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Imagine a world where almost everything you can imagine is connected to the Internet. This world is apparently only a few years away according to Gartner who predicts there will be 25 billion connected “things” by 2020, compared with 4.9 billion by the end of 2015.
Up until now, data was derived from customers through direct and inferred means including loyalty schemes, web browsing, registration and so on. However through the IoT data will come directly from the product itself which will create a host of new insights, opportunities and will also drive the next wave of digital disruption in certain industries and categories.
Consumer appetite for IoT down under
Whilst connected “things” present a significant opportunity for brands there are certain “connected device” categories that have seen greater consumer uptake than others.
In Australia, wearables are one category that is growing at a rapid rate. According to Telsyte 370,000 smart-watches were sold in Australia in 2014 and a further 800,000 smart wristbands were sold over the same period. 30% of Australian households also now own a smart TV. However consumer penetration of connected white goods and other household appliances is still in its infancy. Although consumer adoption at present is still embryonic in a number of categories the landscape will evolve quickly with manufacturers in these categories i.e. white goods, home security etc embracing the IoTs in a big way.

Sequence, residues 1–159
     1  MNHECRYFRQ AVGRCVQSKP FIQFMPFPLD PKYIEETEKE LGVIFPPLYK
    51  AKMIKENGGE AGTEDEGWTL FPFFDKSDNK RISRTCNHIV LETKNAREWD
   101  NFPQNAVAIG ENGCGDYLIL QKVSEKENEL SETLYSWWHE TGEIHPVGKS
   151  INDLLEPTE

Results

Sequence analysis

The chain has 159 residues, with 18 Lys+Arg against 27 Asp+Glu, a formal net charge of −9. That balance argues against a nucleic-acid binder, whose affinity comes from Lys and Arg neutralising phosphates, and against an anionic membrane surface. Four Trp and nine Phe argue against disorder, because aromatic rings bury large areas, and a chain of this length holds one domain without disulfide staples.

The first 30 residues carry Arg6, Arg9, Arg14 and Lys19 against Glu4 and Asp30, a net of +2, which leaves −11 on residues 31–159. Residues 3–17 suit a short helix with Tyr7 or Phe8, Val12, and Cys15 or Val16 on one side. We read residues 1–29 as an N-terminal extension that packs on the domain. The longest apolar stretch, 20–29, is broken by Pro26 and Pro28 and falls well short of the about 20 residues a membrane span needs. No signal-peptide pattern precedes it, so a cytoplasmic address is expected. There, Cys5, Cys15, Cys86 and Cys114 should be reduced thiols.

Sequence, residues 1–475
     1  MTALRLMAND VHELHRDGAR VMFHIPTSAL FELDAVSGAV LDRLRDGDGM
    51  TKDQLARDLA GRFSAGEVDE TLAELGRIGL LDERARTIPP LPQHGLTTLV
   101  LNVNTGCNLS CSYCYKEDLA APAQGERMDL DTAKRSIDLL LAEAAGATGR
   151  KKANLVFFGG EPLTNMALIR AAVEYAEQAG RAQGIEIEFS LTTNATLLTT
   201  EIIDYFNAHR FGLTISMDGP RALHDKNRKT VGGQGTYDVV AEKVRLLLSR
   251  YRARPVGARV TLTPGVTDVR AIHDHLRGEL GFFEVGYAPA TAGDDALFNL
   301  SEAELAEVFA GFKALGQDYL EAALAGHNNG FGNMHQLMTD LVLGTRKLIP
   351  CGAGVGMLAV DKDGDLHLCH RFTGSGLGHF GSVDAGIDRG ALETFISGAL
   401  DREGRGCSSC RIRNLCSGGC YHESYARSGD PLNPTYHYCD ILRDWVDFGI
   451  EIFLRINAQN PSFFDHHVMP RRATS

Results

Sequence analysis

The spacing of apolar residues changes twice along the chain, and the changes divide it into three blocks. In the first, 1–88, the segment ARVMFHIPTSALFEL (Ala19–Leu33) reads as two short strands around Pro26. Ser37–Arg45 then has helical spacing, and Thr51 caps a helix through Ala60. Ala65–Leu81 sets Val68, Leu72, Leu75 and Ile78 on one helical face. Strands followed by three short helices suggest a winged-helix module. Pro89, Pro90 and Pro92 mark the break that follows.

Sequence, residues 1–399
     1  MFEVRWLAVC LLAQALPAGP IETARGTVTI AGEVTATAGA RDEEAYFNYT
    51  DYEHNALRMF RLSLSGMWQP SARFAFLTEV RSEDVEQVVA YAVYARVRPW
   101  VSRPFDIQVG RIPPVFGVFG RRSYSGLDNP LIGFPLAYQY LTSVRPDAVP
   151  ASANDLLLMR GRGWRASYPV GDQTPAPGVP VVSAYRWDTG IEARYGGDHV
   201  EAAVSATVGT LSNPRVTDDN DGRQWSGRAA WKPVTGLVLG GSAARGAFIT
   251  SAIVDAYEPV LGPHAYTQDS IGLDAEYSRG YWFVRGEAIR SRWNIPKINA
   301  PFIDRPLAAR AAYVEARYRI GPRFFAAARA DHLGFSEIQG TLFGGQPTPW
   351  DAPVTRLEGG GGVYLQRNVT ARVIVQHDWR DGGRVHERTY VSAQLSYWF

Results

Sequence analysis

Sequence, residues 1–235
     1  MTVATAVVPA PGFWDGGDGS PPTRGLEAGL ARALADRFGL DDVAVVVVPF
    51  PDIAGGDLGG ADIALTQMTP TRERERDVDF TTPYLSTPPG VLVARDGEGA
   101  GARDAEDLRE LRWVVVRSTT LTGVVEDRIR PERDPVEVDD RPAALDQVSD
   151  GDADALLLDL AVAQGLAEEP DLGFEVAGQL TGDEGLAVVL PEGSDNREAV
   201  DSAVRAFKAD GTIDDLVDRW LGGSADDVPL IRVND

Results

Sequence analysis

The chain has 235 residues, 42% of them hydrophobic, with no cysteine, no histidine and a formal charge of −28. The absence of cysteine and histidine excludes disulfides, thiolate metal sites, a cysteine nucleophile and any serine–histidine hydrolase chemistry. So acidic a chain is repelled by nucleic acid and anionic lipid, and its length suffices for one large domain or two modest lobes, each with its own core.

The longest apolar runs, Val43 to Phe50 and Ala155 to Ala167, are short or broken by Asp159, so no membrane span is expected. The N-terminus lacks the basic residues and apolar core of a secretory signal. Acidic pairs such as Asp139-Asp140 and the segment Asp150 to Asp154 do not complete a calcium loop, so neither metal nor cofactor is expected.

IoTs set to power the next wave of CRM
Whilst many marketers are struggling to grapple with leveraging all of the data currently available to them – the IoTs is set to further accelerate the generation of data and create a whole host of new data challenges and opportunities. In particular, the IoTs promises a wealth of opportunities for brands to further enrich their CRM strategy as it will provide new ways to connect with customers and deliver highly relevant, personalised 1:1 communications through the products themselves – all underpinned by real time data. For brands in the FMCG and manufacturing space the IoTs will be particularly fertile ground allowing these brands to develop a direct relationship with the end consumer – something retailers will be very closely watching. Unilever is one FMCG brand that is betting big on the IoTs;
Marc Mathieu, Global VP of Marketing at Unilever recently said in an interview that Unilever is “very keen” on the internet of things area and what the space may mean for the future of its brands, which includes Magnum, Dove and Flora. “I’m a huge believer and very interested in everything related to data, so really understating how data is going to enable us to contextualise and personalise experience and the relationship with people on their terms and not just our terms is interesting.
Equally though, the IoTs will open the door for services like insurers organisation to collect more data on health, wellbeing and even car usage which will enrich the customer data profile and allow service organisations to deliver more relevant communications and offers based on customer needs.
So rich is the IoT territory marketing automation platforms are already jumping on the bandwagon.